You could interpret this, as some have, as saying free will is not either-or, but a matter of degree. But if you want to take that approach, you have to say that even machines have some degree of free will, and very low forms of life even more. As I’ve said before, I think “freedom from” is a much better way to describe this than “freedom to”.

theurj: Forget the expression "free will," as it has too much baggage from idealists and I don't subscribe to that. Let's stick with Churchland's recontextualization of control, or top-down causation as I'm calling it. Indeed, other entities express it, even chemicals to some degree. But as you admit, with humans it's on an entirely different, i.e., more complex level, so the degree of choice is much higher.

Hence control is of course not "isolated from the rest of the world" and I never made that claim. Again, to the contrary, this is why I cite Lakoff's work in embodied realism. But emergence does indeed allow the human brain-mind to exert much more executive control over lower functions. Yes, it is a causal chain, but one that is sometimes (not always) top-down and these causes are not only not just the result of lower causes but could never arise just from the lower causes. It is the network, or the interactions of the lower causes as Churchland describes, that cause the top-down control. And you agree with that, that there are higher orders of causality.

Even Churchland above said she is not arguing against conscious control, including goals and reasons. Which is pretty much all I'm saying. And that we can to some extent control our lower natures via methods like meditation or biofeedback or even rationality. And that these emergences, while being physically constrained by lower causes, are not completely determined by them. Again, as you admit, we are "increasingly free from lower level causality." So I can accept your "freedom from" definition.

It comes down to what can we control, to what degree, and does it matter? I say it matters quite a bit. And it makes a huge difference in whether our species, and many others, survive climate change. We need to decide to fix it and do what we can within our power or control or its game over. Maybe not for some very low forms of life like viruses, or their close cousins Republicans, but accepting what control we have brings with it a responsibility, one we must accept and get busy with fixing the monster we created in climate change.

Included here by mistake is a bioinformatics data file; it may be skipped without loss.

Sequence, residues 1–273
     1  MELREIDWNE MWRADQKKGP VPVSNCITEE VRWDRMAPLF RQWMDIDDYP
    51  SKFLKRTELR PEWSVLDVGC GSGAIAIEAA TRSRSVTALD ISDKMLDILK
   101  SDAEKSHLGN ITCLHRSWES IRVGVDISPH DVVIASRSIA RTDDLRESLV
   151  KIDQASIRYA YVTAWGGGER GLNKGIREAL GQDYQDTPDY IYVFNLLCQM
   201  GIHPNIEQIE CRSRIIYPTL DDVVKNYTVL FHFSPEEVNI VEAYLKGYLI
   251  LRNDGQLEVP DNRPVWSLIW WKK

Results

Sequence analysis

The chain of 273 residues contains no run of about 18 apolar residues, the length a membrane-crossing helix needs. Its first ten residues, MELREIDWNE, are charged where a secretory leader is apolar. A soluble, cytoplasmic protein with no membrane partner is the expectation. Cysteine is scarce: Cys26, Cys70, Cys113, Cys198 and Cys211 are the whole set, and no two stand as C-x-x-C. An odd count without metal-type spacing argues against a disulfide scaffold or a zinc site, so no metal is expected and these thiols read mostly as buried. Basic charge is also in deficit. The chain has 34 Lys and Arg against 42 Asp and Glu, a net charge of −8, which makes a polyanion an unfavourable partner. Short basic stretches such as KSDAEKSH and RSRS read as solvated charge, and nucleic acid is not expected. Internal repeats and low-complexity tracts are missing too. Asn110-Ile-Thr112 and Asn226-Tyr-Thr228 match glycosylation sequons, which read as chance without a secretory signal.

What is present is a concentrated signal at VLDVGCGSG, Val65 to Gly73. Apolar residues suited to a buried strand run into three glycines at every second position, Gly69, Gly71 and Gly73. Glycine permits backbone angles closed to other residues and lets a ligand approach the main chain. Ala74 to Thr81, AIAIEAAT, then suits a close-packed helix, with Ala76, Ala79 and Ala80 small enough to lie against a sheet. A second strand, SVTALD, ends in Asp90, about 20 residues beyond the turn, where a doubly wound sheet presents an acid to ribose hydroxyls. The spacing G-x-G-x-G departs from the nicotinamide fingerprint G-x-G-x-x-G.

As but one example of that control, and another reason I cite Lakoff, is that language framing is a very important means of shaping public opinion to garner enough support to enact policy agendas like climate change. He is using the neuroscience that tells us we can control our lesser urges with our higher angels, to some degree, via the use of framing, a conscious method that acts on unconscious processes. Obama's campaign took his advice and won re-election. And overall these 'liberal' (progressive)values won the day in opinion polls, hence we get regressives (my word for Republicans)caving on increasing taxes on the rich, or no longer holding the debt ceiling hostage, etc. Framing is a very conscious method of top-down control with real-world effects.

Article link referenced from the below (above) post is here.

theurj said:

From 3):

theurj:

Continuing from the previous post, in this article...

I said above: "Another tenet of spirituality is that we can indeed wake up and be liberated, to some degree." See for example this section on nirvana of the wiki on Buddhism. Granted I have criticisms about some metaphysical (idealist) interpretations of Buddhist liberation but the point is that through conscious effort and learning one can dive into and through the lower programs, thereby re-programming them, to achieve some measure of 'freedom' or liberation from them. THAT is the point of the endeavor, not just accepting all is illusion or samsara.

Smith replied to my last post above at the blog but was so personally insulting to me that I deleted it. I'm just not going to abide abuse.

Here's another of my blog posts relevant to this thread, "Damasio on free will":

Given the reference to his work in the last post, here is an excerpt from this interview, his response to the specific issue of Libet's work and what it tells us about free will. This relates to what Churchland said about the past and future and the self being just as real as external reality. Apparently he develops these ideas in his book Self Comes to Mind: Constructing the Conscious Brain.